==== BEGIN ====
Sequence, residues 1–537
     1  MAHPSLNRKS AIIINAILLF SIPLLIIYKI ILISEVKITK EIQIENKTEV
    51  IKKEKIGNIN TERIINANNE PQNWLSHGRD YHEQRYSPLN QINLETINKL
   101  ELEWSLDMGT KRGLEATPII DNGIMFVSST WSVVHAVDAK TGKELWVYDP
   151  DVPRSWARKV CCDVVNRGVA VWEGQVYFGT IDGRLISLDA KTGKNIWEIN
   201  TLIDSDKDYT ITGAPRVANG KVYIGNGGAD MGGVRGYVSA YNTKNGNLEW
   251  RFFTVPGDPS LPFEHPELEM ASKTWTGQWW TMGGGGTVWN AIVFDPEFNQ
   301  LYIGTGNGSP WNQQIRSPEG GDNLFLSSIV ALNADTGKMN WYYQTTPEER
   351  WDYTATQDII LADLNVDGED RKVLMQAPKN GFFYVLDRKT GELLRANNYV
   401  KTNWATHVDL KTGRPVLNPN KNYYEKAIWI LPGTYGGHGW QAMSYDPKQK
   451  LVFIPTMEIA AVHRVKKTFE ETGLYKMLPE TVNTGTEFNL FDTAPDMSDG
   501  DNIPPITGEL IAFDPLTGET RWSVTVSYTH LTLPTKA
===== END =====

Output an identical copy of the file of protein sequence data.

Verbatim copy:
Sequence, residues 1–537
     1  MAHPSLNRKS AIIINAILLF SIPLLIIYKI ILISEVKITK EIQIENKTEV
    51  IKKEKIGNIN TERIINANNE PQNWLSHGRD YHEQRYSPLN QINLETINKL
   101  ELEWSLDMGT KRGLEATPII DNGIMFVSST WSVVHAVDAK TGKELWVYDP
   151  DVPRSWARKV CCDVVNRGVA VWEGQVYFGT IDGRLISLDA KTGKNIWEIN
   201  TLIDSDKDYT ITGAPRVANG KVYIGNGGAD MGGVRGYVSA YNTKNGNLEW
   251  RFFTVPGDPS LPFEHPELEM ASKTWTGQWW TMGGGGTVWN AIVFDPEFNQ
   301  LYIGTGNGSP WNQQIRSPEG GDNLFLSSIV ALNADTGKMN WYYQTTPEER
   351  WDYTATQDII LADLNVDGED RKVLMQAPKN GFFYVLDRKT GELLRANNYV
   401  KTNWATHVDL KTGRPVLNPN KNYYEKAIWI LPGTYGGHGW QAMSYDPKQK
   451  LVFIPTMEIA AVHRVKKTFE ETGLYKMLPE TVNTGTEFNL FDTAPDMSDG
   501  DNIPPITGEL IAFDPLTGET RWSVTVSYTH LTLPTKA